NRLW 2023 Bootwatch – I hope you like Asics  

As I noted after NRLW Round 1 I’ve been planning to introduce as much parity as possible between my NRLM and NRLW content this season. Sadly real life got in the way last week and I had to skip a week of NRLW content, and I’d like to apologise for that.

But I’m back this week with one of the most requested NRLW analysis yet to appear on the site. That’s right, the immensely important and popular Bootwatch is now looking at the women’s game.

For some reason Sockwatch was more requested but I don’t have as much of an affinity for socks as I do boots, plus I think it would be even more of a win for low socks than the men’s game was. Maybe I’ll log the data this year and do a year on year comparison next season, but in the interests of not burning myself out I’ll stick to just boots this year.

On a side note, before we move ahead I’d like to thank Tom Canfell for having me on his Six To Go podcast talking all things Eye Test with a view on NRLM finals round one. Link to the episode is below, and it’s also available on YouTube, iTunes or where ever you get your podcasts from.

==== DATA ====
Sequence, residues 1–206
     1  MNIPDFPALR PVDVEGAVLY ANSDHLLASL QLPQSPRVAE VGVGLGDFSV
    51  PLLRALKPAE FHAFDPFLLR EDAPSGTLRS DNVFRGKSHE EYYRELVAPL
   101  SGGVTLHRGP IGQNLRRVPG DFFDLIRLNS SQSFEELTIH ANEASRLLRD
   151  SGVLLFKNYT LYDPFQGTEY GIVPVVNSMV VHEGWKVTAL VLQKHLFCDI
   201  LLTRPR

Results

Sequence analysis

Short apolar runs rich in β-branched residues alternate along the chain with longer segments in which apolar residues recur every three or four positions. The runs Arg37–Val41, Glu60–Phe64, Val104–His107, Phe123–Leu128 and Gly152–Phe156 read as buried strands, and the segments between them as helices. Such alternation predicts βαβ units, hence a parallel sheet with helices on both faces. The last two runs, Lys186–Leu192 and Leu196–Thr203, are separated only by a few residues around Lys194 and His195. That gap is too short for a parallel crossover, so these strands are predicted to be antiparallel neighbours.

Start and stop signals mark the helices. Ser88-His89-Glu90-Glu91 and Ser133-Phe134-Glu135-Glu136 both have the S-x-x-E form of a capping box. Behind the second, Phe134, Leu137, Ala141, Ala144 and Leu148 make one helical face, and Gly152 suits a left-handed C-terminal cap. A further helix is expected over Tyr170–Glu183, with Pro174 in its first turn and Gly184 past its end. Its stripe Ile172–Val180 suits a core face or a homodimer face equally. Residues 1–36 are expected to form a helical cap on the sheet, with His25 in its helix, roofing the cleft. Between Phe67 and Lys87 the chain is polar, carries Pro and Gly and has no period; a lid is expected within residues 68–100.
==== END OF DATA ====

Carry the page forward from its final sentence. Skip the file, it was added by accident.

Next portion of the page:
For those new to the site and didn’t check up on the results in the NRLM this season or the initial post in 2021, Bootwatch works like this. I watch every game from the previous round and record the brand or manufacturer of all 170 players who stepped on the field. I also tag their colour into three buckets – primarily white, primarily black, or primarily coloured – to get an idea of the trend of boot colours.

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This year in the NRL, white boots were in and coloured boots were out. Which I think many boomers around the country celebrated as they vehemently opposed the neon and pink boot craze of the 2010s.

Let’s get into the boot analysis then. Below is a count of the brands worn by every player in NRLW Round 8. All data is from me.